Asynchronous APIs are a Step Backwards for Non-Blocking Code

async and await are must-have features of modern programming languages, yet they represent the industry’s doubling-down on a clumsy, error-prone, and hard-to-debug mechanism for managing non-blocking IO. Rather than managing non-blocking IO in their runtimes transparently, they instead chose to force them into the forefront of the developer’s mind like manual memory management.

Asynchronous APIs are often sold as a positive feature of newer frameworks and libraries yet usually means littering code with async/await or promises, waving goodbye to comprehensible stacktraces, and dividing the technology stack into two incompatible parts: the old blocking libraries and the new non-blocking ones.

Pausing execution while waiting for something to return a value is seen as blocking but is actually being synchronous. While non-blocking asynchronous code is encouraged and the industry increasingly discourages blocking synchronous code, many developers forget about the synchronous non-blocking approach. This might be because so few language runtimes support it, such as Erlang, Go, and Haskell’s GHC. The three big runtimes don’t support it: web browsers, the JVM, and .NET. They get more entrenched in the asynchronous non-blocking approach over time.

Asynchronous APIs have many problems, such as:

Asynchronous APIs hamper abstraction yet developers are enamoured with them. Here are some of the points that come up.

Asynchronous APIs force code to be architectually non-blocking and performant from the ground up.

Asynchronosity forces asynchronous APIs but it doesn’t encourage performant design. The transformation from synchronous to asynchronous is an entirely mechanistic transformation. If it wasn’t, async/await wouldn’t work.

Asynchronous APIs mandate a greater cognitive overhead for developers due to the aforementioned reasons. The time they spend making code asynchronous is time they could otherwise spend on architectural performance concerns.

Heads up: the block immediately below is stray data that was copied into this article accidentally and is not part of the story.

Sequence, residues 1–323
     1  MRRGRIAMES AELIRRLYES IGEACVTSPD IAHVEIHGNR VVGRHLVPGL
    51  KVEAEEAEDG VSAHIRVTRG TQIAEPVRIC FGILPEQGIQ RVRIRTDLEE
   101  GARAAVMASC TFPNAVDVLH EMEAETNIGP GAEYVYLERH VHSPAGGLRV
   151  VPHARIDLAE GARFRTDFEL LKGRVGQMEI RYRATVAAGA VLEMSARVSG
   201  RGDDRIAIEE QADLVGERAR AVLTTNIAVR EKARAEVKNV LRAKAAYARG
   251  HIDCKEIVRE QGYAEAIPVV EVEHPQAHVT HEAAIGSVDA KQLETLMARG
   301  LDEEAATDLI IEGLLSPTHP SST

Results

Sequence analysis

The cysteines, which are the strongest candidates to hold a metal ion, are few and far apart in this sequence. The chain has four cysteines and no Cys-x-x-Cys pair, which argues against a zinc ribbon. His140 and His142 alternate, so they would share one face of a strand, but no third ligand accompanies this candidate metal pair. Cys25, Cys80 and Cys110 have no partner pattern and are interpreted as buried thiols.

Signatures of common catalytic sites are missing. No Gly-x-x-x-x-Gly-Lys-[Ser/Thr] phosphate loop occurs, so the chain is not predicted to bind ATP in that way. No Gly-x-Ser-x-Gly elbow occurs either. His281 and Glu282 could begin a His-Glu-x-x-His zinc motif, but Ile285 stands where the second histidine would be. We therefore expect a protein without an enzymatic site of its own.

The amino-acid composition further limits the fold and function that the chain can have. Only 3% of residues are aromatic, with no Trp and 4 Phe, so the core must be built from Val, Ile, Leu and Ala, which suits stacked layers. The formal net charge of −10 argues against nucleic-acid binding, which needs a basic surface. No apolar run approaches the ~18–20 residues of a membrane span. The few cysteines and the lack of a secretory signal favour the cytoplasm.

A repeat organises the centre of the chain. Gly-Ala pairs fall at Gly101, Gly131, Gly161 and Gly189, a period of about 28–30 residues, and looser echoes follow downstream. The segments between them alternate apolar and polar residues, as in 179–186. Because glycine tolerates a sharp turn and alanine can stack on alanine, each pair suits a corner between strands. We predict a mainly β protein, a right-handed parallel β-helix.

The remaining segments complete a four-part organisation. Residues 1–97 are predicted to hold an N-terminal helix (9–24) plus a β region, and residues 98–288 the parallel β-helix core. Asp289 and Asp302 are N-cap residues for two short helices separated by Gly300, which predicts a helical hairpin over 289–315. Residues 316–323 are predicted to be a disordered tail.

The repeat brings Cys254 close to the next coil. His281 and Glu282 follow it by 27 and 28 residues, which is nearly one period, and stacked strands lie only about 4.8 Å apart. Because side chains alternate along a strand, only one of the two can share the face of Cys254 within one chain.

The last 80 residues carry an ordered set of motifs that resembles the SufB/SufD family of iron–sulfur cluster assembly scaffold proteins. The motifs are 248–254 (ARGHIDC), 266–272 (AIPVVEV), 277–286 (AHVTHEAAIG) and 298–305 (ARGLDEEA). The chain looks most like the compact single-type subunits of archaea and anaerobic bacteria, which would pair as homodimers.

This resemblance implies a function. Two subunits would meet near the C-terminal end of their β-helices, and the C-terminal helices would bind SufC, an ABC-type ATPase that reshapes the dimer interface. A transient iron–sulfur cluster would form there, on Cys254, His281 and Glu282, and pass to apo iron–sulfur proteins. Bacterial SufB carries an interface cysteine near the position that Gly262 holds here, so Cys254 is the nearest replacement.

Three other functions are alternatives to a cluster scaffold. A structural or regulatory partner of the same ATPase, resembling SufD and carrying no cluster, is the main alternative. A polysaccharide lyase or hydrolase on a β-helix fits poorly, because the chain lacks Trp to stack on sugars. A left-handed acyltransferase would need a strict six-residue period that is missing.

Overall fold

Asynchronous code helps avoid the nightmare of threads, such as non-atomic operations, critical regions, and race conditions.

This is the problem of shared resources across concurrent tasks, which is orthogonal to asynchronosity and parallelism. Asynchronous tasks can race promises that manipulate shared state, which opens itself up to race conditions. Of course, this can also happen with synchronous APIs too.

Threads open up developers to the painful world of CPU caching and memory fences, it’s true. However, this still requires sharing of mutable resources, which has its own share of problems in non-threaded code. Developers are thankfully moving away from shared memory and towards messaging and queuing. Synchronous non-blocking tasks exist that don’t expose low-level threading details, such as Erlang’s processes or Haskell’s green threads.

Systems that have neither threads nor a lightweight threading solution like Erlang’s restrict themselves from a lot of fine-grained parallelism tricks, which exclude them from certain domains. For example, Node.js’s cluster module is restricted to coarse parallelism. Most languages with asynchronous APIs, such as Java, C#, and Python expose threads anyway, and usually force threading concerns onto reasonably complex codebases.

To summarise, synchronous APIs don’t mean direct thread manipulation, and most asynchronous tech stacks foist threading concerns onto developers anyway.